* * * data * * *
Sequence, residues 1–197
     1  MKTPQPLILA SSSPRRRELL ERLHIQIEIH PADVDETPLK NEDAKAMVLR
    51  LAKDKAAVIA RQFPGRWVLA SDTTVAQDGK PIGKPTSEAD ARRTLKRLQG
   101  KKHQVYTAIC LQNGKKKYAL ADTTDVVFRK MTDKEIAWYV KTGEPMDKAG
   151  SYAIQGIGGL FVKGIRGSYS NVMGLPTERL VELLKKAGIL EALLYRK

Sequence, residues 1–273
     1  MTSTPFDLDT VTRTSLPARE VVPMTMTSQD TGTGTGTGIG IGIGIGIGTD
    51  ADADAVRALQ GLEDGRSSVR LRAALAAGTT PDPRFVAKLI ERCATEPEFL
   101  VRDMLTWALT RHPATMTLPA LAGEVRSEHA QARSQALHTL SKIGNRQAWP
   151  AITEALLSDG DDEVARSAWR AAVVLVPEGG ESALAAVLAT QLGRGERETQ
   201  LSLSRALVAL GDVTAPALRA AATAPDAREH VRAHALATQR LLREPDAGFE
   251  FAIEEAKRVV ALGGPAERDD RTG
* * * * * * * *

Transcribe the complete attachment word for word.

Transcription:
Sequence, residues 1–197
     1  MKTPQPLILA SSSPRRRELL ERLHIQIEIH PADVDETPLK NEDAKAMVLR
    51  LAKDKAAVIA RQFPGRWVLA SDTTVAQDGK PIGKPTSEAD ARRTLKRLQG
   101  KKHQVYTAIC LQNGKKKYAL ADTTDVVFRK MTDKEIAWYV KTGEPMDKAG
   151  SYAIQGIGGL FVKGIRGSYS NVMGLPTERL VELLKKAGIL EALLYRK

Sequence, residues 1–273
     1  MTSTPFDLDT VTRTSLPARE VVPMTMTSQD TGTGTGTGIG IGIGIGIGTD
    51  ADADAVRALQ GLEDGRSSVR LRAALAAGTT PDPRFVAKLI ERCATEPEFL
   101  VRDMLTWALT RHPATMTLPA LAGEVRSEHA QARSQALHTL SKIGNRQAWP
   151  AITEALLSDG DDEVARSAWR AAVVLVPEGG ESALAAVLAT QLGRGERETQ
   201  LSLSRALVAL GDVTAPALRA AATAPDAREH VRAHALATQR LLREPDAGFE
   251  FAIEEAKRVV ALGGPAERDD RTG